Polish authorities claim that the launch of Article 7 against their country is unjustifiable. Citizens are divided on the issue and nearly half of them believe the Commission is just acting because it does not like the current authorities in Warsaw. EURACTIV Poland reports.
According to a January survey by the Polish Centre for Public Opinion Research (CBOS), 43% of Poles agree the ‘nuclear option’ against Poland is unjustified, while 38% think the opposite. Almost half (46%) think the Commission’s decision was based on a dislike of the current government.
Since the moment the Article 7 procedure on the state of the rule of law in Poland was initiated, Polish government officials were convinced that it was groundless.
President Andrzej Duda said on Monday (29 January) that he “totally disagrees” with the Commission. “I think this is a very unfair treatment that we are facing,” he said in an interview with Polish television channel TVP.
The Polish authorities, Duda explained, had only introduced changes to the legal system that are already in force in other EU countries, but only Poland is accused of violating democracy.
“Let’s take into consideration the real image of our country: we have freedom of association, everyone can demonstrate, there is no problem when it comes to freedom of speech,” said Duda.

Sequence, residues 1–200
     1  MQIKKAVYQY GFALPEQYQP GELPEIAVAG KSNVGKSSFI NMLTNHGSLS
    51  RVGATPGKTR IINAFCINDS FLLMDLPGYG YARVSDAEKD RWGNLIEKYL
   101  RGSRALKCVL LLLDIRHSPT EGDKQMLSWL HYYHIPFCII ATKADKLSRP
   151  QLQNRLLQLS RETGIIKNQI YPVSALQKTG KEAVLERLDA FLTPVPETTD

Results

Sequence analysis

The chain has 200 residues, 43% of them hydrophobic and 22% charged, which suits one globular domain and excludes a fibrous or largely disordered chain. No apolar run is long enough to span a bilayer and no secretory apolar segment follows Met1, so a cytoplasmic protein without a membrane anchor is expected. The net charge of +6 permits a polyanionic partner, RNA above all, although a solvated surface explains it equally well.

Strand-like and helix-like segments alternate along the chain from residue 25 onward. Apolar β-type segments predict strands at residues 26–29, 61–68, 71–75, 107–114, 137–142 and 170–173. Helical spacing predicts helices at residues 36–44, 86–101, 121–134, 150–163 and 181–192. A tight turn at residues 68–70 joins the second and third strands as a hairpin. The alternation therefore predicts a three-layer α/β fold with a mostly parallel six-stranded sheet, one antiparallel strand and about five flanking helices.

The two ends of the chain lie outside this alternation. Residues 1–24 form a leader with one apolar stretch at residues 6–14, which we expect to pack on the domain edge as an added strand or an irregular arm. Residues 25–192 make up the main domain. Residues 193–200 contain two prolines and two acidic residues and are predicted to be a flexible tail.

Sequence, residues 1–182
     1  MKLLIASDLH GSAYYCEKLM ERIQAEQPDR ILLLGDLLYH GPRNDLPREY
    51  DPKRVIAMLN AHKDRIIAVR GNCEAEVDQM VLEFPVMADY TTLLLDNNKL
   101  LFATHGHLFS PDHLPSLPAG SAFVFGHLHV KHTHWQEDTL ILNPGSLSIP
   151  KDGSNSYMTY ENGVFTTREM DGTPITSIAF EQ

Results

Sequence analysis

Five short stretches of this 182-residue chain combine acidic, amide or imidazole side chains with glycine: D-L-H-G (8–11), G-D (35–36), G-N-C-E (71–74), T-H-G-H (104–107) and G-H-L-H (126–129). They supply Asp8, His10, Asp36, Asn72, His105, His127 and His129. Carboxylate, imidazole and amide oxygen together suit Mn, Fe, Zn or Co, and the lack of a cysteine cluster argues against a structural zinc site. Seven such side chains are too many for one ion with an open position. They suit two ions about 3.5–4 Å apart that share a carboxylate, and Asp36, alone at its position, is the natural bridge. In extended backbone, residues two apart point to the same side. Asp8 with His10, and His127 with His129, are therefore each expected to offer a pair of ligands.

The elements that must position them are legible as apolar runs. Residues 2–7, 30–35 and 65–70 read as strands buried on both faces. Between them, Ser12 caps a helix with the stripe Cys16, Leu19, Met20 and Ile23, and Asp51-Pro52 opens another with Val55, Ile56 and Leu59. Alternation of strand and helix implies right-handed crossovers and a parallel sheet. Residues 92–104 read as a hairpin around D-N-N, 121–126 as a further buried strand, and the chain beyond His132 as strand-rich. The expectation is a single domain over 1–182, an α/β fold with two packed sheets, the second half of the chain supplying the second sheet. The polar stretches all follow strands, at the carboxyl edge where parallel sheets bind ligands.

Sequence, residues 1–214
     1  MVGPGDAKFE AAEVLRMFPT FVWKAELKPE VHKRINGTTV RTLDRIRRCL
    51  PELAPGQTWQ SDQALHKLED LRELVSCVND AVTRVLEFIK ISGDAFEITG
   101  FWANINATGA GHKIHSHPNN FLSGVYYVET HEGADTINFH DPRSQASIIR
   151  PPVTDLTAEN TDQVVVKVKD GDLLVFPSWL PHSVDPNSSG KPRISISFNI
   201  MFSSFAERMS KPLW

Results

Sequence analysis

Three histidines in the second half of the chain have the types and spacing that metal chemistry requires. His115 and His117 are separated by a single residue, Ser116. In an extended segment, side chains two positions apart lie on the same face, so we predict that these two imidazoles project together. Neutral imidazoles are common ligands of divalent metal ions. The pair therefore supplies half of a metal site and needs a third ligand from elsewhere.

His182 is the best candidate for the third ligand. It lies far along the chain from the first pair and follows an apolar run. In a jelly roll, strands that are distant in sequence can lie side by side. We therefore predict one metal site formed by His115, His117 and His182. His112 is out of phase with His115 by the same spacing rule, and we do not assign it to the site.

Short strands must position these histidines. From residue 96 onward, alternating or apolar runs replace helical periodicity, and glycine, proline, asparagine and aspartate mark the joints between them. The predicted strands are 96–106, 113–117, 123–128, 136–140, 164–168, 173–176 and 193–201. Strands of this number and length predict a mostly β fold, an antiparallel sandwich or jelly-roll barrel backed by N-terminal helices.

Prime Minister Mateusz Morawiecki, who only took office in December, also insisted that the launch of Article 7 was unfounded and argued that the country has the right to implement reforms.
Polish public opinion divided
The CBOS survey also shows that for 45% of respondents, this form of pressure on the Polish authorities is unacceptable, while 34% consider it acceptable and 21% said they have no opinion on the matter.
Researchers point out that Poles are also divided over whether the country should heed the Commission’s recommendations and withdraw some of the changes in the judicial system. 44% of respondents believe Poland should meet the Commission’s expectations while 41% think the opposite.
Poles do not fear sanctions, count on Hungary
According to the survey, Poles are not afraid that the current situation will result in sanctions. Although more than a half of the respondents (51%) believe that sanctions could be an option, the majority are convinced that the Council will fail to secure the unanimity necessary to approve sanctions.
Here, 28% of respondents believe that at least one country would take the Polish side and 35% think it would be more than one – expecting solidarity from post-communist countries like Hungary (77%), the Czech Republic (22%), Slovakia (16%), Bulgaria (14%) and Lithuania (8%), with 7% betting on Germany as well.
At the same time, as many as 87% of respondents (up on 85% in the previous survey), were still in favour of Poland’s presence in the EU and only 10% opposed it.
The survey was carried out on January 9-17 on a sample of 951 adult Poles.